Volume 22 • December 2021


Peter Waters, MD

George S.M. Dyer, MD

Here’s how I met the world-famous Dr. Peter Waters: In 1999, we were paired up as the two slowest guys in an early-morning sculling camp. The coach wanted to keep us out of the way of the young Olympic hopefuls and seriously competent scullers who’d signed up for a week of Spring mornings for technical tips. We hit it off, so after the camp ended we agreed to meet the next week, an hour earlier. No one else uses the boathouse at those hours, so conversations before and after rowing were completely private, and they became astonishingly personal. Our marriages. Peter’s kids. Our life struggles, manifested in the ups and downs of our (still mediocre) sculling. As “next week” turned into all Summer, and then Fall, then the next year, Peter became the kind of friend you only make once or twice in a lifetime, if you’re lucky.

Here’s what never came up: Work. I know it’s hard to believe, but we rowed together several times a week for two years before that seemed relevant. One morning in my 3rd year of med school I came to row dressed in scrubs for my surgery rotation, and we had a conversation that now seems comical.

“Why are you in scrubs?”

“I’m a medical student.”

“Really? I’m a doctor.”

“Really? What kind?”

“An orthopaedic surgeon.”

“Really? I’m thinking of applying in orthopaedic surgery…”

In that instant, our beautiful friendship broadened into the defining mentoring relationship of my life. It turned out that my rowing buddy was kind of a big deal orthopaedic surgeon—Peter Waters’ contributions to Boston Children’s Hospital, to Harvard, and to orthopaedic surgery, are as numerous as they are profound.

Here’s just one: His pioneering work in understanding brachial plexus birth injuries. Dr. Waters helped us to recognize these are not static injuries, that the growing skeleton is deformed by the imbalance of paralyzed muscles, and—crucially—that the deformity can be corrected by surgery to rebalance muscles early enough. At Children’s, Dr. Waters built a division of upper extremity surgery and then continued the building of a world-leading department. His formula has been simple: he’s insisted on the principle that great care of complex children’s problems requires complete commitment to those children, from the staff and from the institution.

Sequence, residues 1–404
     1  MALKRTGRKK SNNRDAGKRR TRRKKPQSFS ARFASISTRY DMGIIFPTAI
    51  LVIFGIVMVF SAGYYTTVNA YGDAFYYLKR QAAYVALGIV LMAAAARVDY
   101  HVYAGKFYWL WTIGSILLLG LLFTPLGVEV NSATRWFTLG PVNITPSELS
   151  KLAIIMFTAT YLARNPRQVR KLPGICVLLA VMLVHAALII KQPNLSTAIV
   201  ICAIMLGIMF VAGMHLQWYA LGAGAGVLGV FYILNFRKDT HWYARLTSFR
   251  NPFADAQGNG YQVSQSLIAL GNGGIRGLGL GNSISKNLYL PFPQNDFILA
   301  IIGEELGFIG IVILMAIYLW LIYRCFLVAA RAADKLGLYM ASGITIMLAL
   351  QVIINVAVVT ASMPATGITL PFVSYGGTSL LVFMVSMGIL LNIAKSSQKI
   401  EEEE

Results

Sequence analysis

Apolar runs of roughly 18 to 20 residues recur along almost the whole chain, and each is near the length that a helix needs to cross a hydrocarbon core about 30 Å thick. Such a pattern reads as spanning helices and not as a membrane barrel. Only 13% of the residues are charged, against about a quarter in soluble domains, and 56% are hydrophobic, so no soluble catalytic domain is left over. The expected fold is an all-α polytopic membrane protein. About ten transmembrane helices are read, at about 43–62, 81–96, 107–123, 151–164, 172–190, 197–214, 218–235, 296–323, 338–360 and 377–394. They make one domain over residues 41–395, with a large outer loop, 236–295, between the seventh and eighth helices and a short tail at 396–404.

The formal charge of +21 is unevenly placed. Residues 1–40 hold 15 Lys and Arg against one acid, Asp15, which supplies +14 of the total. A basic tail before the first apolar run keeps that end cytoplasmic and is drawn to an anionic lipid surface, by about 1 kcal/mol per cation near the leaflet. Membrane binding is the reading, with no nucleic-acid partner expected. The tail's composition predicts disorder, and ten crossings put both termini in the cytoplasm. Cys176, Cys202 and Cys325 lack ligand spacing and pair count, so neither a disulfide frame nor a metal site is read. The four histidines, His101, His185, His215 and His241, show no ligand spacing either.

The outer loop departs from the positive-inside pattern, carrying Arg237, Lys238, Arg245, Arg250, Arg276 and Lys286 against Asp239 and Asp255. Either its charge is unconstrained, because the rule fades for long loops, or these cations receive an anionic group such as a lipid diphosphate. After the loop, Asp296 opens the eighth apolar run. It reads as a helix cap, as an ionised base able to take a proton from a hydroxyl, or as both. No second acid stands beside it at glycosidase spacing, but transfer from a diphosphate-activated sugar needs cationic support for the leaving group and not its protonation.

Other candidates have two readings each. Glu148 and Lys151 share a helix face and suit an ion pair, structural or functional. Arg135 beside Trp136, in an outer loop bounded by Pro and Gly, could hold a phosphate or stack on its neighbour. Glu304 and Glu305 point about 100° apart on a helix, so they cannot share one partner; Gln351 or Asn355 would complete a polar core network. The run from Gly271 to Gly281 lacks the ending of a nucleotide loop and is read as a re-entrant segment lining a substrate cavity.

Principled commitment. In this, Peter Waters has led by example.

Meeting him in the first place was an accident, but I’ve been very deliberate about learning from Peter’s example ever since. I’ve been fortunate to work and train with him as a medical student, then as an orthopaedic resident, then as a fellow, now as a colleague. Twenty years later, I find I’m still actively parroting things I’ve heard him say or seen him do. Technical tricks. Ways of explaining things to patients. How to break down a complicated problem—in surgery or in life—into manageable parts.

George S.M. Dyer, MDPrincipled commitment. Those who’ve worked with Peter Waters will tell you that’s not always the most comfortable thing to be around, particularly at close range. It’s more of a full-contact, high-expectations thing. He’s created opportunity for me, and then made sure I used it well. He’s questioned and he’s nudged. He’s encouraged and he’s sometimes criticized, as a committed friend and mentor should do. I’m trying to follow that example, too, as I’ve grown more senior and I try to mentor people myself.

My story with Peter Waters is remarkable, but I know it’s not unique. I’m pretty sure Don Bae has a similar story to mine—only his starts on a basketball court. Countless others have been touched in similar ways, and most everyone around Children’s Hospital, or Harvard orthopaedics, has a “Peter Waters story,” or two, they could tell. One of Peter’s many gifts is his uncanny ability to find people, whether or not they realize they need finding, and to help them become their best selves.

Accordingly, it is my bittersweet task to help dedicate this issue of the Orthopaedic Journal at Harvard Medical School to my friend, Peter Waters.

Peter: even though you’re not really retiring, and even though you’ll be coming back to Harvard from time to time and staying engaged, this is a good moment to say, “Thank you.” You have helped us all to become better, and we will miss you.

George S.M. Dyer, MD
Program Director, Harvard Combined Orthopaedic Residency Program
Associate Professor of Orthopaedic Surgery, Harvard Medical School